As Hans strode out of the room, his words echoed in my head and I shuddered. An abortion? Only sinful women of the world do stuff like that, I thought. A broken sob caught in my throat when the realization hit me that night, lying alone in my hospital bed: I am one of those women.
After a few more tests that confirmed the gonorrhea, it turned out that I might also have a large tumor in my abdomen, requiring exploratory surgery after I regained sufficient strength. The doctor sent me home on antibiotics for a few weeks.
A strained and tense silence pervaded those two weeks at home at the leprosy station before the surgery. I wanted to ask Dad about the gonorrhea, but I didn’t dare. What was it? How did I get it? Why did I get it? I knew it had something to do with my affair with Hans, with the sex, but the doctor in Asunción had been vague about it. Finally, one afternoon when I was alone at home, I flipped through my father’s medical tomes on the bottom shelf of his office. There it was. Gonorrhea: An infection caused by a kind of bacteria that is passed during sexual contact. The infection is easily spread and occurs most often in people who have many sex partners.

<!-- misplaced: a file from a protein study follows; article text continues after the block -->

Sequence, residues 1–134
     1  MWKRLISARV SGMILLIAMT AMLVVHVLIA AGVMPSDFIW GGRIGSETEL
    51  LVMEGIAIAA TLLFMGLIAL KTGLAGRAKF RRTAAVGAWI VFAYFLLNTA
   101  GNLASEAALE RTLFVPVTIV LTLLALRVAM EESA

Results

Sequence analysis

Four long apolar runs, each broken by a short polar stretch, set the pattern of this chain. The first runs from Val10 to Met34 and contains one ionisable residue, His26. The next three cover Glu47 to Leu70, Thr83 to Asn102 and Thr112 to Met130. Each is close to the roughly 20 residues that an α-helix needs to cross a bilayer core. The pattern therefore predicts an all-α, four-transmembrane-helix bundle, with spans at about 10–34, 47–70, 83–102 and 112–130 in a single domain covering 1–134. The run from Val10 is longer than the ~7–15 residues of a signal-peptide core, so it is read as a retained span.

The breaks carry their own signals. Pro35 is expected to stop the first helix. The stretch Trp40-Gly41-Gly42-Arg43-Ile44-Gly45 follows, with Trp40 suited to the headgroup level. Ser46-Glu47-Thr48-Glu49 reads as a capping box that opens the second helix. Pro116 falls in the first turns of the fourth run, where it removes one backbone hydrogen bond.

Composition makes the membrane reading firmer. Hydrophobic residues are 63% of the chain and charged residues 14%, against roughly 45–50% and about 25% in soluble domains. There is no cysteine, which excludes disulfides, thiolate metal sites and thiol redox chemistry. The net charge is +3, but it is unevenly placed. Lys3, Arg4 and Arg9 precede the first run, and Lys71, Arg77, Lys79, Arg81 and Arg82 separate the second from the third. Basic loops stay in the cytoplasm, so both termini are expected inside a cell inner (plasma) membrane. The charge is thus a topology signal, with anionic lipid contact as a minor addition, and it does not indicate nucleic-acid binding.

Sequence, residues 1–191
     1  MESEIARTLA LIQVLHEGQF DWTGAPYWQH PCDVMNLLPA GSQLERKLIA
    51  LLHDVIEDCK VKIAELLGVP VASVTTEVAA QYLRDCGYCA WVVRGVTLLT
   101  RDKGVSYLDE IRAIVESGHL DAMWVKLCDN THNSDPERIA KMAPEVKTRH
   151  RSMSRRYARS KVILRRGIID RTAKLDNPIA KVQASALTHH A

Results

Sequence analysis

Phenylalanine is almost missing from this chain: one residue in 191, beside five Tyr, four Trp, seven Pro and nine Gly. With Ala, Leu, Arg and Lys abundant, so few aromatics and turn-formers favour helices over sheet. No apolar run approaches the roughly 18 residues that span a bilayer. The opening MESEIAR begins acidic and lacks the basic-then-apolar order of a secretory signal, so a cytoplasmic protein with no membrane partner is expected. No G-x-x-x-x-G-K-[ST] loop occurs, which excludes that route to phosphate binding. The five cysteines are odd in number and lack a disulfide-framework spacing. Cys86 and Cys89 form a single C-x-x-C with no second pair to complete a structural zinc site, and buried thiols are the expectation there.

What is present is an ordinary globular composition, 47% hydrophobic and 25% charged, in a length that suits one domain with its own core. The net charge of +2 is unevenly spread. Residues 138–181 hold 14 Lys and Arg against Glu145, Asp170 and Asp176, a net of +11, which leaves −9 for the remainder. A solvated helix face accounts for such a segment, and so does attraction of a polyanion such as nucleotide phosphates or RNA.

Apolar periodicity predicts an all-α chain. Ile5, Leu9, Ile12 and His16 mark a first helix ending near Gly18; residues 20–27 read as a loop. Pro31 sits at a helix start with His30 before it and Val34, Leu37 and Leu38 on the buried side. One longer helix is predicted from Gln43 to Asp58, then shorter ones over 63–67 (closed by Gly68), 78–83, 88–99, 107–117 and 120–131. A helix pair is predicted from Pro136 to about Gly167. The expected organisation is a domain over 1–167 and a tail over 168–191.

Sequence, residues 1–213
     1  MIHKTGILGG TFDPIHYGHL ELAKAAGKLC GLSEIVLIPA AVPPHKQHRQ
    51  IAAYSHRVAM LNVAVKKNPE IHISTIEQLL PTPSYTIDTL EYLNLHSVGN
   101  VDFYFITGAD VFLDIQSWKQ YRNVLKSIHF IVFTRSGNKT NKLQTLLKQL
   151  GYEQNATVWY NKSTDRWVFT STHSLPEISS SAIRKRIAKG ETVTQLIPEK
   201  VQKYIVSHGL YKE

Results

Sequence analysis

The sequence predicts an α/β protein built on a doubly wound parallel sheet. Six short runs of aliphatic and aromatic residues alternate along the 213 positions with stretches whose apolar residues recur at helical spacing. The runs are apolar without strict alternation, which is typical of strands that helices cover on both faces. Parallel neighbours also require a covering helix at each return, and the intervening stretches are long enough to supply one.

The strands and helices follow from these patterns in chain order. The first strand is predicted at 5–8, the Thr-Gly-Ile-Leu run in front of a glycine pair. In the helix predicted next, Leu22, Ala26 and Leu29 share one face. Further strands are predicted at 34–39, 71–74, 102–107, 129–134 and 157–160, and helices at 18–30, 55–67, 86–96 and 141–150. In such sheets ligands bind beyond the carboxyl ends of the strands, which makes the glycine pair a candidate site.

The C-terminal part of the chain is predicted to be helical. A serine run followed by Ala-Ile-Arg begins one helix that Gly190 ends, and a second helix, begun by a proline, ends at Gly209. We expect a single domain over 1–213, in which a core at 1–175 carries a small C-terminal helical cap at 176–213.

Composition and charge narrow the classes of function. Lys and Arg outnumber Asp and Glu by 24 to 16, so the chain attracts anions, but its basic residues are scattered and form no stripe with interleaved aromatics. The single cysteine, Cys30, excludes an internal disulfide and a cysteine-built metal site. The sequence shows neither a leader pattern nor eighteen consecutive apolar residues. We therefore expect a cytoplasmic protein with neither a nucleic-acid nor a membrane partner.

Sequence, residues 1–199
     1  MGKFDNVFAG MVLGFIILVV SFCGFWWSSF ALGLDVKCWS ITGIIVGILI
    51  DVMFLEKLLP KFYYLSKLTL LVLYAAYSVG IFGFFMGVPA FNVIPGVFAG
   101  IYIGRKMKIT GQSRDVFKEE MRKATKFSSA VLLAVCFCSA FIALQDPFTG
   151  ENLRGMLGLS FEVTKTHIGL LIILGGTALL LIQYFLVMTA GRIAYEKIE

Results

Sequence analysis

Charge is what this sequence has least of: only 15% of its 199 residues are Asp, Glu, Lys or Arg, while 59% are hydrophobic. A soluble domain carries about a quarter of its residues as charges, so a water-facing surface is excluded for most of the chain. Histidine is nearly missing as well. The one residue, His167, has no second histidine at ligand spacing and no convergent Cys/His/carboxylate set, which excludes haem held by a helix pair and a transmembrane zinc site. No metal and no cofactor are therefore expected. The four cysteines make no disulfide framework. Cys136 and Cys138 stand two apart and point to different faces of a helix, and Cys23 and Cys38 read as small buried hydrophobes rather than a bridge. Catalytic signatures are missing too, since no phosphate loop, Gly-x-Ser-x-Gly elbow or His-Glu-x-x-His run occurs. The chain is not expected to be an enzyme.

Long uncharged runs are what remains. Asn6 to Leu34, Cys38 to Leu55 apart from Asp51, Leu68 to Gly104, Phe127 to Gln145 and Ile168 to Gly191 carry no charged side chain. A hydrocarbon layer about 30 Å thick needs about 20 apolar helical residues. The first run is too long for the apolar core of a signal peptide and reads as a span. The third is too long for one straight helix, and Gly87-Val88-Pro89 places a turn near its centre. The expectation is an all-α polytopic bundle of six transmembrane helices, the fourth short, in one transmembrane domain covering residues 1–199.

Many sex partners? Many sex partners? I swallowed hard, closed the book, and sat back on my heels. Was it possible that I was only one of many? My stomach began to convulse and I ran outside to vomit.
One morning a few days later I overheard Dad’s long prayers, as he and Mom and my younger siblings sat around the breakfast table. I refused to sit at the table with them, and was squatting on the lowest step of the concrete stairs leading down from our veranda. It was still early morning, but the cicadas were chirring and the heat was already suffocating.
I heard him solemnly name the members of our family, beseeching the Lord to bestow health and blessings on each one. “Lord, we ask that Thou mightest richly bless …” He went from oldest to youngest, as was his custom. But he didn’t name me.
I huddled lower on the step, clasping both arms around my knees. When his prayer ended and they rose from the table, I ran to my room.